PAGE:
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Any company, organization or individual wishing to take advantage of digital video (see How to Stream Your Classes on YouTube) to educate or entertain the masses or to promote a product, a video strategy should be developed before investing time and equipment.
Of course, educators are not exempt from solidifying the core tenets of an actionable video strategy—especially when it comes to how they plan to take advantage of everything the medium has to offer. Since the online and open source movement in education has been steadily growing, any advocates should turn on their cameras and film some lectures or other helpful videos.
Educators who upload for public use on personal websites, social media channels, or other hosted resources can reach a range of students beyond their roster. For online teachers looking to expand their reach and bring knowledge to the world, or at least a dedicated digital classroom, video adds a more human element.
15 Ways to Use Video in the Classroom
1. Content introduction and review
Videos are engaging for students. Videos can be used to introduce new content or review existing knowledge.This is partly characteristic of flipped classroom learning model.
2. Improve accessibility for students
Incorporating video into the curriculum provides a viable method for students with special needs, such as ADD/ADHD or conditions that require working from home, to retain and remember information. This medium provides another way to ensure that all learners have access to educational materials that meet their specific requirements. Just make sure to memorize subtitles or transcripts for hearing impaired students.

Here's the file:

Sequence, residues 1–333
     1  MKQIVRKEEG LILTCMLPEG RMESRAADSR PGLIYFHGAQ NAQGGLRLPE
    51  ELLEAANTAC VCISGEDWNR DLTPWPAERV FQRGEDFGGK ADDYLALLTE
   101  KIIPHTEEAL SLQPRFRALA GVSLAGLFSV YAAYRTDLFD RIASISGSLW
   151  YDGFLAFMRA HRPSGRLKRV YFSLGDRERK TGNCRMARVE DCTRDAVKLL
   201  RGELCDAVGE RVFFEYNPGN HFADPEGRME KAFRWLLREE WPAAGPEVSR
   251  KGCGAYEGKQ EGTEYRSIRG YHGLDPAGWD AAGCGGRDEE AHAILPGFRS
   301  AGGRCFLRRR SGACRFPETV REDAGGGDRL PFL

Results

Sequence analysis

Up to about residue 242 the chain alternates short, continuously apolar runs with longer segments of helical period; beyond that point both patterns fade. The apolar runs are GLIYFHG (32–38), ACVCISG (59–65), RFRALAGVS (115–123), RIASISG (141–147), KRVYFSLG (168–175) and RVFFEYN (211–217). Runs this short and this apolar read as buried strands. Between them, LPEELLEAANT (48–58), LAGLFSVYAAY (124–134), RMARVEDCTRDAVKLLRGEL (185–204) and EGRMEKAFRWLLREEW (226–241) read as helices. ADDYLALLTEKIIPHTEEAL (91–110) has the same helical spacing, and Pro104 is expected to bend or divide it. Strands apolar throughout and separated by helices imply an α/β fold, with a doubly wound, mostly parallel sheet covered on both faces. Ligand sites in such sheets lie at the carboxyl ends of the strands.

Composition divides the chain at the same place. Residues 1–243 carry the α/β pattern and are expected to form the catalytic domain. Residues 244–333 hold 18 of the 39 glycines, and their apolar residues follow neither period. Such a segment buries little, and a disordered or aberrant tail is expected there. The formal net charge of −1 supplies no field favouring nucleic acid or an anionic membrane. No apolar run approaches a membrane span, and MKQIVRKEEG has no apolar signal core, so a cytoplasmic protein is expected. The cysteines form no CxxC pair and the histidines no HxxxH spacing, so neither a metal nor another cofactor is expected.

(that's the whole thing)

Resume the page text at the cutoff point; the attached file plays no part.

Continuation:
3. Archive content
Instructors who ask their students to film videos may wish to keep a digital archive of their work to show off in future lessons. Or, of course, track their own online, open source, or hybrid classroom creations. For seniors who need to convert their educational VHS and DVD presentations to digital media, a video strategy ensures the transition of these materials from generation to generation of learners.
4. Organize and record learning artifacts
Students can use video to record and share learning outcomes from courses, units, and project-based learning.
5. Student-to-student and school-to-school learning
Video conferencing using Zoom, Skype and similar services has attracted educators who want their students to tackle collaborative projects with peers from around the world. In fact, Skype offers its own social media site for teachers who want to connect and set up everything from foreign language communication to group poetry. It’s a fascinating strategy that opens up some amazing and unique opportunities that didn’t exist a decade ago.
6. Low-cost field trips
Due to the recession, schools have to watch their funds disappear, which means they under-budget their field trips. But incorporating video into the classroom can take students to famous sites around the world, with some museums even offering free virtual tours. All the benefits of exploring and experiencing without the transportation and entry fees! The principal will love you.
7. Utilize game-based learning
Video games are not the scourge that society seems to like to portray them as—in fact, when used correctly, they actually have some incredible educational benefits.Immersive environments are especially appealing to digital natives, but Even the FBI uses the technology to train its agents. Of course, not every video strategy has to use video games. But teachers may want to examine the positives behind serious play and seriously consider introducing it into the syllabus.